Ahead of Sunday’s league decider, the Kerry manager has hit out at the “complete lack of balance” regarding Kerry’s physical approach against Dublin in Tralee last month. Fitzmaurice also expressed concern that the narrative surrounding his team is straying into territory similar to the build-up to last year’s All-Ireland final where he believes there was an orchestrated campaign against Mayo’s Lee Keegan.
But Bealin, midfield on Dublin’s 1995 All-Ireland winning team, isn’t buying it.
He rubbishes the suggestion there is a witchhunt against Kerry or more pertinently, that it is being driven by members of the Dublin set-up.
He reckons Fitzmaurice is attempting to take the onus of his team ahead of a game that they didn’t want to be involved in.
They haven’t beaten Jim Gavin’s men in their last five league and championship encounters and Bealin says this team are under huge pressure to end Dublin’s dominance over them. Mentally, he says, Fitzmaurice’s players are not ready for another shot at Dublin so soon after their stalemate clash at Tralee.
“I crossed paths with Eamonn when as Westmeath manager we played them in the league in 2014 and his kind words after that game meant an awful lot to me. It is not his style to deflect away from the team. He obviously feels he has to speak out.
“If I look at what he is actually saying, I don’t necessarily agree there is a witchhunt against Kerry or Kerry football. I don’t believe any of the Dublin team or management would buy into that. This is a deflection tactic,” he insisted.
“I’d be shocked to think there is a witchhunt by the Dublin backroom team or whoever. I don’t believe the Dublin team would actually go out to shape the referee’s mind towards a performance.
“This is a deflection. Managers do it the length and breadth of the country. They try to take the onus away from the players, take the pressure off the players going into a league final and deflect, preoccupy the mind with something else that can grow legs, while, at the same time, put the heads down and try and win the game. Fitzmaurice’s comments will take the pressure off his players and he’ll take the heat. Hopefully, then, the team will go out and perform. Kerry are under a huge amount of pressure to win this game, particularly with the run Dublin have on them.”
The Kingdom secured their place in Sunday’s Allianz Division 1 decider by virtue of a superior scoring difference to Donegal, Monaghan, and Mayo. Bealin is of the opinion that following their 0-13 apiece draw at Austin Stack Park, Kerry had zero interest in locking horns with the men from the capital until late in the summer.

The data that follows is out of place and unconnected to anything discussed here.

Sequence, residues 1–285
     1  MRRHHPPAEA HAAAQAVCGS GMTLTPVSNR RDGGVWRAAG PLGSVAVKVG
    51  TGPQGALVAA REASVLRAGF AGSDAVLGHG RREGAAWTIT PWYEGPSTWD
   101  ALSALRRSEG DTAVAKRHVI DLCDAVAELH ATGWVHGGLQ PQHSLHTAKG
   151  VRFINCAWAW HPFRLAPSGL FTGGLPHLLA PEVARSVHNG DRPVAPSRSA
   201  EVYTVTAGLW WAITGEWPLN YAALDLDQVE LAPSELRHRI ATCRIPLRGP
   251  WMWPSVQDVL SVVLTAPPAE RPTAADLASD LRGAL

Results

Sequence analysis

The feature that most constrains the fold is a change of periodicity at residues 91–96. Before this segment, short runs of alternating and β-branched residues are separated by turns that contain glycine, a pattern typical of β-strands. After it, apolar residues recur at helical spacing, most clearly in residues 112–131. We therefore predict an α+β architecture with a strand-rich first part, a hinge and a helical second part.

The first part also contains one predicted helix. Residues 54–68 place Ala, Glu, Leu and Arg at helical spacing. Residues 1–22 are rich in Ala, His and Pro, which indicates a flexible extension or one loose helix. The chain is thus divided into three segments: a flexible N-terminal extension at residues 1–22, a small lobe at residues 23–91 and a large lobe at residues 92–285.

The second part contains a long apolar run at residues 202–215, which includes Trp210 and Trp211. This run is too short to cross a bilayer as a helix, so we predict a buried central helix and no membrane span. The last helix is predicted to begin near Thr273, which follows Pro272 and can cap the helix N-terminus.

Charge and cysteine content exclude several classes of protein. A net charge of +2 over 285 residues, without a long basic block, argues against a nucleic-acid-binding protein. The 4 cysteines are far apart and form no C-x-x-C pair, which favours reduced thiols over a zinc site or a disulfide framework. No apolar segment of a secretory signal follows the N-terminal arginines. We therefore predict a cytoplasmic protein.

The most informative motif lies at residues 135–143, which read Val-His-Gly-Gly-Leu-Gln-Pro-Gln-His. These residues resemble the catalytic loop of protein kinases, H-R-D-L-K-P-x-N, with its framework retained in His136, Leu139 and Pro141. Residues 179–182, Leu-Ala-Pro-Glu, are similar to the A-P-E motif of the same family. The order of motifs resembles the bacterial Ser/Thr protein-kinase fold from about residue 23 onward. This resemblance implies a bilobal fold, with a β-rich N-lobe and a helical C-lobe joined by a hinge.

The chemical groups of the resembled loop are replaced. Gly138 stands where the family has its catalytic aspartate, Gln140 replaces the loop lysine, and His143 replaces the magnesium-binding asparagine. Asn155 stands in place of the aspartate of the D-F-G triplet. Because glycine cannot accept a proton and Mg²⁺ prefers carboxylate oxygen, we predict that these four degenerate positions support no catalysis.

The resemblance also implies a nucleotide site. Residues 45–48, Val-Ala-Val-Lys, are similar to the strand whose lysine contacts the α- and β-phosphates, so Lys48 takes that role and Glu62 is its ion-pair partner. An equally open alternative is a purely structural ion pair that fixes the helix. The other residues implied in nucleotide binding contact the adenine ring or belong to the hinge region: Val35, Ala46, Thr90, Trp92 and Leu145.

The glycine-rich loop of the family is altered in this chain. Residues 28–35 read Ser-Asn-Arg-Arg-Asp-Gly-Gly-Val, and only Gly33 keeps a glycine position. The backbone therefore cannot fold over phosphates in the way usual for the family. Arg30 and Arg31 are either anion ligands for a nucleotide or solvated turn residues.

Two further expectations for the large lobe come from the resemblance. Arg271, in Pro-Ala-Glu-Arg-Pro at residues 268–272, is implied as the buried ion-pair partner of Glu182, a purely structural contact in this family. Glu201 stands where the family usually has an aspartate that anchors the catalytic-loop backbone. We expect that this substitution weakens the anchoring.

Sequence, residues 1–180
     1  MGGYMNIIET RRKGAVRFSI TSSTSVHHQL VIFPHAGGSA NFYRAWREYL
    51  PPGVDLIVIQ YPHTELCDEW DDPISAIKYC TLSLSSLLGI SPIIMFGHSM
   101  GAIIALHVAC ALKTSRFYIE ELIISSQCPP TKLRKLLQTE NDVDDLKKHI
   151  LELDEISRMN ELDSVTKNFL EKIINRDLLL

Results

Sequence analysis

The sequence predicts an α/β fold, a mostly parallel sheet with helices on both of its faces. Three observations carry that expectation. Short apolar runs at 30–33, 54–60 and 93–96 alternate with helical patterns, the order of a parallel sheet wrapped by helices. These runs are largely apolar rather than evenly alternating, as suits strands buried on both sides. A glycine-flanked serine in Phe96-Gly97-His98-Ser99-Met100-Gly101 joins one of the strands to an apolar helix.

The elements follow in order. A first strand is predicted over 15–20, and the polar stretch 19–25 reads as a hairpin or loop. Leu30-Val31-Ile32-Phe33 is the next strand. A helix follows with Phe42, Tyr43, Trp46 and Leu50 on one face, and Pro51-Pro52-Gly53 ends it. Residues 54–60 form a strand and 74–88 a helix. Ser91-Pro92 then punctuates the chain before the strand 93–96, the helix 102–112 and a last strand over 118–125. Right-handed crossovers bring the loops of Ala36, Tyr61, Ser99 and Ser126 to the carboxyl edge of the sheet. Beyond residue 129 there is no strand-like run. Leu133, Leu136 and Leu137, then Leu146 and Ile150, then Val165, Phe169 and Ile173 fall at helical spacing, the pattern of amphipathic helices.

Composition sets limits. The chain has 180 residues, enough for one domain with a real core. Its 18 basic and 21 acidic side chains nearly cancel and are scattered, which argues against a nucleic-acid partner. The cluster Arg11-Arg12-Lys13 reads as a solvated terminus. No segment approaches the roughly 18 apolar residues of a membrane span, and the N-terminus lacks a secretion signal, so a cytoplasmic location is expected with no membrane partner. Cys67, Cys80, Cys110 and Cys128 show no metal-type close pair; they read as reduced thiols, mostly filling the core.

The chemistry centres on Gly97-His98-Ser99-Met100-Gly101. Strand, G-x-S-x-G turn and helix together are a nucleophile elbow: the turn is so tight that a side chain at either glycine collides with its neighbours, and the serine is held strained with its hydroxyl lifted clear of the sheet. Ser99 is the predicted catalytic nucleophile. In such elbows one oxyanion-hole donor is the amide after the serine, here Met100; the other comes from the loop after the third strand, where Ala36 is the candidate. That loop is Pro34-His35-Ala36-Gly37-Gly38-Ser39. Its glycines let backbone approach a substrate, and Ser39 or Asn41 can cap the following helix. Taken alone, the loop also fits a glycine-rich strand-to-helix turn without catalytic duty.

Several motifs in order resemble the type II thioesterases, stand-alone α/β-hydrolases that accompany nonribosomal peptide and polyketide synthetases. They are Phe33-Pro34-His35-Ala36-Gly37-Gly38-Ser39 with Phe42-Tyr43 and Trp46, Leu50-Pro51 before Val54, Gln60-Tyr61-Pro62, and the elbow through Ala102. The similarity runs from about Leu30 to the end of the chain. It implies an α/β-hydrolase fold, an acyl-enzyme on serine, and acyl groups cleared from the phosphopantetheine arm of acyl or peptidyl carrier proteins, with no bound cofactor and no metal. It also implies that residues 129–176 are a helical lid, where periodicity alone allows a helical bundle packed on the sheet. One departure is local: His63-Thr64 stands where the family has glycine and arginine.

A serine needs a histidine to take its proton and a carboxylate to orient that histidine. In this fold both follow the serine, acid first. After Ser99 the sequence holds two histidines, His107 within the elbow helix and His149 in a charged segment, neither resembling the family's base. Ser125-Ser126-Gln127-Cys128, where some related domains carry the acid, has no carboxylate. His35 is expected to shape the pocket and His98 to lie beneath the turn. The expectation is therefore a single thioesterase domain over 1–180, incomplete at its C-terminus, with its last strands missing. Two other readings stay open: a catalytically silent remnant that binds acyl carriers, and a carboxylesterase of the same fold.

“They wanted to get through the league programme and then prepare for the championship. Now they find themselves playing Dublin again. I don’t think Kerry wanted to play Dublin again so soon. If they beat Dublin, great. It is something they’ll put in their back pocket at having beaten a team with such a long unbeaten run. I don’t think in their own heads they’re ready to play Dublin yet. This came too soon for them. That said, they’re still going to go out and do everything they can to win the game. They’ll still want to stop Dublin.
“Kerry went out to win the Tralee game. They were four ahead. And Dublin still clawed it back to draw level. That would have been an absolute suckerpunch for that Kerry team. And that wasn’t that long ago. I think they are wounded.”
Bealin’s old team-mate Paul Curran recently accused Kerry of abandoning their values, commenting that they should be “ashamed” of their style of play. Citing the closing stages of the league fixture in Tralee where Dublin kicked two late points to rescue a draw, Bealin insists Kerry’s approach has taken on a more negative look since 2011.
“They tried to hold onto the lead in Tralee, rather than go and win the game. For a team like Kerry with the forwards they have and the tradition they have over the years, you would expect them to close out the game. I don’t believe the mindset is there to close out games in that fashion where they continue to attack.
“Go back to the 2011 All-Ireland final. With seven minutes to go, Kerry were four ahead and trying to run the clock down. We know the Kerry team that is always on the front foot and always on the attack. We have seen that they have begun to sit back and invite teams on when they take a lead.
“That is something I had never seen in a Kerry team up until 2011. It has certainly caused them difficulty with closing out games.”